April 01, 2011

Revolution in the Middle East and North Africa: Some Notional Scenarios to Ponder

Peter Kennedy
Partner

by Patrick Marren and Peter Kennedy

Prediction is Difficult, Especially About the Future — Attributed to many

A wave of revolution is sweeping North Africa and the Middle East. Many people want to know what is going to happen next. Will it be good for the United States or bad? Will it result in peace-loving democracies or America-hating Islamist dictatorships? No one knows. It is important to remember at this moment that not even a single movement in a single country has yet achieved anything approaching what we would call “democracy.” The present is chaotic and fluid, and the future is literally unknowable.

Which is why we really need our imaginations right now. We can’t know for certain what will happen, but we can try to anticipate the broadest possible array of potential outcomes. Here are a few to consider:

People Power ... and the State Is in Charge. The freedom movement spreads across the region, and when the dust settles a new generation of reform-minded secular leaders is in charge. The bad news is that they are hostile to global capitalism, or at least the kind practiced by the West. Many multinational oil assets are nationalized. The mood is similar to the 1970s, but with social democrats in charge, not despots. Oil prices skyrocket, the region is less predictable, and globalization takes a big hit.

Counter-Revolution.  The freedom movement goes “too far.” Troops are called back out. There are many Tiananmen clashes across the region. A new set of strongmen is in charge; the political atmosphere is worse. Repression is harsh. The United States and allies ponder taking a hard stand, with sanctions and aid cutbacks; they also ponder tacit support for the new dictators. The Fifth Fleet is long gone from Bahrain, but we still have to be forward-deployed to keep our supply lines open.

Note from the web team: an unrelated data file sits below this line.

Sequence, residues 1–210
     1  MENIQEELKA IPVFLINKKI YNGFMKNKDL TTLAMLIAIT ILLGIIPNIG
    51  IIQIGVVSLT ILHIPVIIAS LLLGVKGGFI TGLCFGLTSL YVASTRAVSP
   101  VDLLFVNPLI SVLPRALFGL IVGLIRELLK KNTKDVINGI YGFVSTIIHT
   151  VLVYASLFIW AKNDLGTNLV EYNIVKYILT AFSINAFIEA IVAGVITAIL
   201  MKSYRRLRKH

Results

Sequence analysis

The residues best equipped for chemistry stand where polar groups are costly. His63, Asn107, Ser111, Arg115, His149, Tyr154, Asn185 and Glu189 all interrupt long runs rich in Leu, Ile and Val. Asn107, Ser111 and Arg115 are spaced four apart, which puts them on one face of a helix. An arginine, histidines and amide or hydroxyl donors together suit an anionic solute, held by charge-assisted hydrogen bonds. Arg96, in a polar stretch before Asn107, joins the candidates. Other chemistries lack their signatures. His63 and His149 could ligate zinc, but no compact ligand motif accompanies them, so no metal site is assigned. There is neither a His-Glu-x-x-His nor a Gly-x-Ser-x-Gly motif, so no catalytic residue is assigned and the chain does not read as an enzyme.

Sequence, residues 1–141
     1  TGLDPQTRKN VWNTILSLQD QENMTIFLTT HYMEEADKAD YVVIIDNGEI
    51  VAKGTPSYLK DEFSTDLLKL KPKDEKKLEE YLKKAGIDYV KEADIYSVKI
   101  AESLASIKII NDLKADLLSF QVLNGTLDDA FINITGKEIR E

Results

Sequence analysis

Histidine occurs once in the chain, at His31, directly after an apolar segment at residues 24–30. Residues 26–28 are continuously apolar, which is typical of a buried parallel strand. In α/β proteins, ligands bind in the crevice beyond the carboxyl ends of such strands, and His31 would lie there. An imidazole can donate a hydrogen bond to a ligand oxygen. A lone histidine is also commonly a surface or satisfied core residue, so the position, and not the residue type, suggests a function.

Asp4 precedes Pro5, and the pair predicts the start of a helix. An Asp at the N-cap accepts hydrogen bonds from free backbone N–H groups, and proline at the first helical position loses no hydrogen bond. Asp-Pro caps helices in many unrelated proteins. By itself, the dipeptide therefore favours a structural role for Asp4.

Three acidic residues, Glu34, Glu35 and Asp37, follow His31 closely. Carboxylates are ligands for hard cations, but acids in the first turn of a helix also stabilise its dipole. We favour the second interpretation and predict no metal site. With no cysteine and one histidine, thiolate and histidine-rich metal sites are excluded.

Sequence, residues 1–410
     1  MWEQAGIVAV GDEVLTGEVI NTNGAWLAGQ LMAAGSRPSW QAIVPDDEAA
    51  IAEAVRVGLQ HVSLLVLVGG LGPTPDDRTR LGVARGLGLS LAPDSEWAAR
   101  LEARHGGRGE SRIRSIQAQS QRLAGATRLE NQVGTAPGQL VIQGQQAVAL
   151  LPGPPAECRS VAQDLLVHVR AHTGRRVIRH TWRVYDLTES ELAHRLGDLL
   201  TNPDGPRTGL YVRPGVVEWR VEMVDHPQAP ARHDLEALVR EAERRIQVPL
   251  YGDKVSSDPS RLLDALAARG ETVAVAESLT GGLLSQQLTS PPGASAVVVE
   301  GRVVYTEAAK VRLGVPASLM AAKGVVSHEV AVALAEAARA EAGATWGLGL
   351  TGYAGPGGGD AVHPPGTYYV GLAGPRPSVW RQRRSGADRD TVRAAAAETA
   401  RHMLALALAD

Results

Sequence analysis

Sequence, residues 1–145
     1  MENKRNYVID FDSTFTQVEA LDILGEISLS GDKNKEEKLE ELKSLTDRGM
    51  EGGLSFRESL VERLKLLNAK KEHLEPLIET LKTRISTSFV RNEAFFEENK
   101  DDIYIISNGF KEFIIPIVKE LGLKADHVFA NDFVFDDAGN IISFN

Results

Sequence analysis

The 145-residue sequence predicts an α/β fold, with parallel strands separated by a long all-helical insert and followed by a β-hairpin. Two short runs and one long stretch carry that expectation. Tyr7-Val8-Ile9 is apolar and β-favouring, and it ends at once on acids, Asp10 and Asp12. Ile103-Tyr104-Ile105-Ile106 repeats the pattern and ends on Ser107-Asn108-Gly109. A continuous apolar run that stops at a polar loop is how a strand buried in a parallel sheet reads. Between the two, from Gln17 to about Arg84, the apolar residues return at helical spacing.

What Was THAT All About?  Internal discord undermines freedom and reform movements as they confront the hard business of government. Reformers grow tired and disillusioned. The Muslim Brotherhood and similar movements assert their theocratic agenda, and consensus breaks down. Egypt manages to achieve a constitutionally based regime, but it’s tenuous and contentious, and not a model for its neighbors. Some outright civil wars break out, while in other places conflict is low-level but debilitating.

Burning and Looting.  It all goes south as food prices surge but energy prices fall. Armed forces become critical players in the effort to maintain stability and control. It’s “all the West’s fault,” radical mullahs say, and the slums of Cairo and Beirut are far more pernicious breeding grounds for radical activity. Trade is disrupted and oil prices are shockingly high for an extended period.

Deliverance.  Imperfectly and unevenly across the Middle East and North Africa, freedom and democracy take root, with the benefit of relatively strong global economics and open markets. Global capital floods in to take advantage of regional talent (e.g., an Israel-Lebanon-Palestine high-tech corridor), market access and new opportunities. The new governments are modern and secular in orientation. The world breathes a sigh of relief and terrorism recedes as a mortal threat.

Which of these will happen? Well, none of them – and maybe, in different countries to different degrees, all of them. Which is why each of these scenarios deserves deeper scrutiny, to flesh out their internal logics and to understand how we might end up there, and what signposts we might see that could inform us that we are headed toward something somewhat better, or something very, very bad.

Patrick Marren and Peter Kennedy are FSG principals.

Thoughts?